February 14, 2005
Copyright, Music and Fair Use
Norwegian copyright law has up until now been very relaxed, relaxed to the extent that downloading of music and copying between friends has been legal. Well, that is not going to last long. A new law is in the pipeline, and the proposition (norwegian only) put forward to the Norwegian parliament has caused a heated debate.
The law effectively bans copying copyrighted material, including music and movies, making it illegal to up/download copyrighted music to/from the internet, something which has not been forbidden until now due to several loop holes in the current legislation. The general
Both the old and the new law allows you to take copies of purchased copyrighted material for private use. If you have bought an ordinary CD you are allowed to make a backup copy of it, or to stream it onto a magnetic tape for use in your old car stereo - or as it is most common to do these days; to rip the CD, convert the music into MP3 (or a similar format) and to save it onto a portable MP3 player. So far so good.
Only one small problem...
... the proposed new legislation has a newly introduced limitation. If the purchased material (e.g. CD) is protected by a 'technical protection mechanism' then you are not allowed to take any copies for private use, except if the the mechanism renders the media useless in a device in which it is reasonable to believe it should be compatible with. In other words; you are allowed to take a copy of a copy protected 'CD', turning it into a proper CD if it does not play in your car stereo/dvd-player or similar. MP3 players are not covered.
As a result, the CD I bought in October 2003 would now be illegal to rip into MP3 - but it would be legal to use Easy CD-DA Extractor to make a defect-free CD copy. Makes no sense at all if you ask me.
I am left with many questions. I buy a CD in the stores. I want to use it with my Zen Micro. I am not allowed to. (Well, maybe I am, probably depends on which country I am in when I do it.) I guess the music industry's great hope is that you will go onto Napster/iTunes and buy the CD there instead. But why would you do that? And what if the music is not sold online? Many great artists still refrain from selling their albums on the net. Would that ban their music ever to be heard on an iPod? And the great paradox; if you buy the album online you are generally allowed to make a CD out of it. So WMA/AAC to CD is legal, the other way around is not?! Wonderful. Only a lawyer could have invented this.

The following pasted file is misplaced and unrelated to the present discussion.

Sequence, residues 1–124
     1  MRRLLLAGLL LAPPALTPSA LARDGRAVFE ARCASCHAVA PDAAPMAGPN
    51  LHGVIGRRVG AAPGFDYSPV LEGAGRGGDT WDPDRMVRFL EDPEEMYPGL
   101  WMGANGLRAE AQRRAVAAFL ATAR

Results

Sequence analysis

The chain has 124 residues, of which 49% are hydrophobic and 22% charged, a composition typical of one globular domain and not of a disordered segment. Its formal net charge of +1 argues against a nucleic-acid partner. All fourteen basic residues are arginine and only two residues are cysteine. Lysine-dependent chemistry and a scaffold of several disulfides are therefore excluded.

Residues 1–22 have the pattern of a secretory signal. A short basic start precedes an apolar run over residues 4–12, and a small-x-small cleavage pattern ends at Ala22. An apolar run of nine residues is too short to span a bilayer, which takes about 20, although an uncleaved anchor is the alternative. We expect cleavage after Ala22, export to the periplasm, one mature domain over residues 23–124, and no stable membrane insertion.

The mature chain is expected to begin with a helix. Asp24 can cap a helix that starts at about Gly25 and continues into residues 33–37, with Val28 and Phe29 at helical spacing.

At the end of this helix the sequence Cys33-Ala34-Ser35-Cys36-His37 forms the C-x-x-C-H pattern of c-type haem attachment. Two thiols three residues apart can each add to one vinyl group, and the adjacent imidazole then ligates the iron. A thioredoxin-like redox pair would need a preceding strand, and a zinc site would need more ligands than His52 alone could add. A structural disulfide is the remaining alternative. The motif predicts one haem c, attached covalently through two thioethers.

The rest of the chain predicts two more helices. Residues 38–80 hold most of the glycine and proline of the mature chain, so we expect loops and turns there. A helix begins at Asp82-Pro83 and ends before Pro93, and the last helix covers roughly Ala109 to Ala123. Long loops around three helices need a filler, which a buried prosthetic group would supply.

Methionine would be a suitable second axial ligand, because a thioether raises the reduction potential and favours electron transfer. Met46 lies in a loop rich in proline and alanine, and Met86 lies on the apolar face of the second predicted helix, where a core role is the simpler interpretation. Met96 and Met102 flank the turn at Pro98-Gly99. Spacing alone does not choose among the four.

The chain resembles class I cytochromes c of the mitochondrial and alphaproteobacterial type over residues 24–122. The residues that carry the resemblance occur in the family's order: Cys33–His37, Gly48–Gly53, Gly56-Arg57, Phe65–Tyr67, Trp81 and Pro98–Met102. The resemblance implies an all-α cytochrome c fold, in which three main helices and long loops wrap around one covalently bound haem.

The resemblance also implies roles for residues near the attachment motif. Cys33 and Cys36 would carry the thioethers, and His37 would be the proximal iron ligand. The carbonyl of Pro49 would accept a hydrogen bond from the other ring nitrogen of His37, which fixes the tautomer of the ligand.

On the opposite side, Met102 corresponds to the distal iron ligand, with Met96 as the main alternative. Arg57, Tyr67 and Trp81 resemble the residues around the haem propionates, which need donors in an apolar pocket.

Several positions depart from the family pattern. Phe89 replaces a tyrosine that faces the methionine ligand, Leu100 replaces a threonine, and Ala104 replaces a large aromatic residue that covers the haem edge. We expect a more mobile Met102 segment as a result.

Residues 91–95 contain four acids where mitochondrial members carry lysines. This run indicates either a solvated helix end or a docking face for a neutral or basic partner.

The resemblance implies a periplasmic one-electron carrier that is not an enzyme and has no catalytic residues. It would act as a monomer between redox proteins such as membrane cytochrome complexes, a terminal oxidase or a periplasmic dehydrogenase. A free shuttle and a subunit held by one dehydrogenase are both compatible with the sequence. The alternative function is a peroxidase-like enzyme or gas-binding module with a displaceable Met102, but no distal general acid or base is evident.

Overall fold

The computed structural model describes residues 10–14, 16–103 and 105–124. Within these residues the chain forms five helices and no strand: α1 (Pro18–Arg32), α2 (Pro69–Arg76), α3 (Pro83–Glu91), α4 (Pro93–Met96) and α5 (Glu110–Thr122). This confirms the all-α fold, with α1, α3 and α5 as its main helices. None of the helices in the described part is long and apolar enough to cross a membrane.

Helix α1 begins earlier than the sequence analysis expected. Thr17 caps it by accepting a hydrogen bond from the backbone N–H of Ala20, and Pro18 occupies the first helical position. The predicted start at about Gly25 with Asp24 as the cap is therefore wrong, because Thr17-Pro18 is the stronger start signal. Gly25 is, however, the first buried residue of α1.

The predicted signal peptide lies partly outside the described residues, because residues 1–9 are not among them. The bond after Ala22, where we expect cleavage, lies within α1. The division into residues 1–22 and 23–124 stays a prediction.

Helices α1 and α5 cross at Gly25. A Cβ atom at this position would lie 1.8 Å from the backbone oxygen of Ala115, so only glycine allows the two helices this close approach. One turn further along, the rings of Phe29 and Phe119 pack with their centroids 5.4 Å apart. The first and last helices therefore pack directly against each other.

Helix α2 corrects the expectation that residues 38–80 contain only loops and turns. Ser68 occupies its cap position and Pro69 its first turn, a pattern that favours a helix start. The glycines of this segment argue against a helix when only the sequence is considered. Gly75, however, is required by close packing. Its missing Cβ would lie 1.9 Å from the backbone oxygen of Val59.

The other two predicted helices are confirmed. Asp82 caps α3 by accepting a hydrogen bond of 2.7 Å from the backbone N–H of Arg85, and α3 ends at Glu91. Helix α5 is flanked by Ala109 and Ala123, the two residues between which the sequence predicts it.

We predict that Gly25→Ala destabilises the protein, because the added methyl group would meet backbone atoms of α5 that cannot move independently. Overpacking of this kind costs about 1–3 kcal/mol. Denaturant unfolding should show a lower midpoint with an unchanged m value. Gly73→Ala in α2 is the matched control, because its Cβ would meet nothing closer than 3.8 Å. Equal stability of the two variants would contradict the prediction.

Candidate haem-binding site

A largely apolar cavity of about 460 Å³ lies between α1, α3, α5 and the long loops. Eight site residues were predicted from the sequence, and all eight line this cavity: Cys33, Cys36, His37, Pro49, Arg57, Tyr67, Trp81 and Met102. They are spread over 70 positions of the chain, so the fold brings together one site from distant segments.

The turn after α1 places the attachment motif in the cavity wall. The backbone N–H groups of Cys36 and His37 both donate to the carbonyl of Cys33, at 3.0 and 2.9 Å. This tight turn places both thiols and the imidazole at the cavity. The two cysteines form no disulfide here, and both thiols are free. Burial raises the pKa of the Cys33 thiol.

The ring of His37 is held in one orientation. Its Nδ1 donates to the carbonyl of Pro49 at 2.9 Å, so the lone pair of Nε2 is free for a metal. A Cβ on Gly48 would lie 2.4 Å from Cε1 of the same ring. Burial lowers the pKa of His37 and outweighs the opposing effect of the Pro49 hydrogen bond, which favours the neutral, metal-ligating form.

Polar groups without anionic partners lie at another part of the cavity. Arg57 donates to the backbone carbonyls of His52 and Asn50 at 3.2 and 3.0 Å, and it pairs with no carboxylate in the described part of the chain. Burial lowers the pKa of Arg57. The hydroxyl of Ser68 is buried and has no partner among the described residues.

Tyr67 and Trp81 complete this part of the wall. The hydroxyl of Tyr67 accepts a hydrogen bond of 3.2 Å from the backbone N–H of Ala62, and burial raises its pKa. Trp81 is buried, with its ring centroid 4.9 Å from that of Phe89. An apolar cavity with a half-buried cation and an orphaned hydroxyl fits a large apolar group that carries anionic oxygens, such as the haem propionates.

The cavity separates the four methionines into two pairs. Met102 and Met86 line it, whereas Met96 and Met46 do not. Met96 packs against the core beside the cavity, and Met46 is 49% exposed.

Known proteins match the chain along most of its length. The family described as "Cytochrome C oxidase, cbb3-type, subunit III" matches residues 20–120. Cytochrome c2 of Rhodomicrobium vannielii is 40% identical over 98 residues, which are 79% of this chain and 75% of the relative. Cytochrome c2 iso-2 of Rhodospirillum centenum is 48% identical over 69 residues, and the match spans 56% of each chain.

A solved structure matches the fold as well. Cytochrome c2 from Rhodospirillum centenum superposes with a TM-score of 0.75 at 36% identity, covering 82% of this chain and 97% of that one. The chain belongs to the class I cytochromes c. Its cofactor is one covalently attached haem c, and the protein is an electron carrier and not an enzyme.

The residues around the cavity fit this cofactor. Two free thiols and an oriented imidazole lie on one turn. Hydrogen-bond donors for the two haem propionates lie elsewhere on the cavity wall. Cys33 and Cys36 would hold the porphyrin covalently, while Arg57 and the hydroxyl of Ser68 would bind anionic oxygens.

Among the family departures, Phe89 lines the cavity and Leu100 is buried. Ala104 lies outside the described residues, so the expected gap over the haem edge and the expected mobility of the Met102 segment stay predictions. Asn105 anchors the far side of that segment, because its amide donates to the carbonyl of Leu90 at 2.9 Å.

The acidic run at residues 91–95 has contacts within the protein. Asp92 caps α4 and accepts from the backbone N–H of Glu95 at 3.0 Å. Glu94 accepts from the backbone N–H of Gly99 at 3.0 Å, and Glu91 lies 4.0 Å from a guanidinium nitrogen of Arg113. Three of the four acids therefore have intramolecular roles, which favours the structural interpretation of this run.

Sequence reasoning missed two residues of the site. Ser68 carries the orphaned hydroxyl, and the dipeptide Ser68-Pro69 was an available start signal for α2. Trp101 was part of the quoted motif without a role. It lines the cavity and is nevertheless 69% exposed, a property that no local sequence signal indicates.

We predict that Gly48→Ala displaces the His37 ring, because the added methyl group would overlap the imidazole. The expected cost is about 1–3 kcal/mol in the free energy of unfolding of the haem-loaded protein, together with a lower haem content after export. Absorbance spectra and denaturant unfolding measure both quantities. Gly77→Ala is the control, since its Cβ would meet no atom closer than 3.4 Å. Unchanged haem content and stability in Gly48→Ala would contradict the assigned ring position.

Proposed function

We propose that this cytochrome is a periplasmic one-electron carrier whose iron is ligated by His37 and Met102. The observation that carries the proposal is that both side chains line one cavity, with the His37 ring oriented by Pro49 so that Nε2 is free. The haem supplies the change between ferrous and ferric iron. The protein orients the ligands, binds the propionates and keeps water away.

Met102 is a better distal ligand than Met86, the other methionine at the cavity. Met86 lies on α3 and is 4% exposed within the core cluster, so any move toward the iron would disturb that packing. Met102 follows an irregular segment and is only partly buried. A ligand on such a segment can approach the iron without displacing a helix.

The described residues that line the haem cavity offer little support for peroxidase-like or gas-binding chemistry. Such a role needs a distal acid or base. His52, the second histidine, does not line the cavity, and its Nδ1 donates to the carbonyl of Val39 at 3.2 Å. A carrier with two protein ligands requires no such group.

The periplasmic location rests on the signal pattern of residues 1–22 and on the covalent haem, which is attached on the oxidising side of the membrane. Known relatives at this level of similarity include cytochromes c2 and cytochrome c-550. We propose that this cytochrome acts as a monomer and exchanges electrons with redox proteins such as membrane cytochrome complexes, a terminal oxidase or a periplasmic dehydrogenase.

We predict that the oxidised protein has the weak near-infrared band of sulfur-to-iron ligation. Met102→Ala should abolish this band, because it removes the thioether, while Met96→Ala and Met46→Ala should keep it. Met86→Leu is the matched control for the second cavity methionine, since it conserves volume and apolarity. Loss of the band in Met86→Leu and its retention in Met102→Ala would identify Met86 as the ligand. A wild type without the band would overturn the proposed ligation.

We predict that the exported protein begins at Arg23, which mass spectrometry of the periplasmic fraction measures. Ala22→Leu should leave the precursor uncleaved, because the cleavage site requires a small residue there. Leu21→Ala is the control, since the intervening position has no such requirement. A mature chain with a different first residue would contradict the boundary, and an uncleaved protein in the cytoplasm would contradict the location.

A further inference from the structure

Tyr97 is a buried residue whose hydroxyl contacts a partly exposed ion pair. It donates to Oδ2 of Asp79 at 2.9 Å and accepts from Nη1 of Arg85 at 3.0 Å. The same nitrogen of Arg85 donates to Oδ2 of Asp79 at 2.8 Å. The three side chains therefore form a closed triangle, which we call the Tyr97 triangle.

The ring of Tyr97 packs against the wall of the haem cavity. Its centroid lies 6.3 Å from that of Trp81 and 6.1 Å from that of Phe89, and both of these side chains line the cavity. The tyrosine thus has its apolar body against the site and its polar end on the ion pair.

The result is naturally that an entire generation of Norwegians will turn into petty criminals in the weeks after the introduction of such a law. The sad part is that those who might have bought the 'CD' legally now might just say "why care? I can rip it and become a criminal, or I can download it and become a criminal" - talk about a catch 22.
At the end of the day this should've been an easy law to write. I think most people know what is fair use and what is not. According to my standard it is atleast. When you buy copyrighted material you buy the right to listen to it, and also to store it in any form desireable. You are not allowed to give it away. If you rent music then your right to listen to it ends when the subscription runs out.
The weeks ahead will be interesting. Will the law pass? Will someone remove the right out dumb legal protection of silly copy protection mechanisms? Will anyone dare to sell copy protected 'CD's? Or even more interesting; who will be the first one to dare to sue a teenager a.k.a customer that bought a 'CD' and then ripped it onto his iPod?Posted by ludvig at February 14, 2005 12:11 AM | TrackBack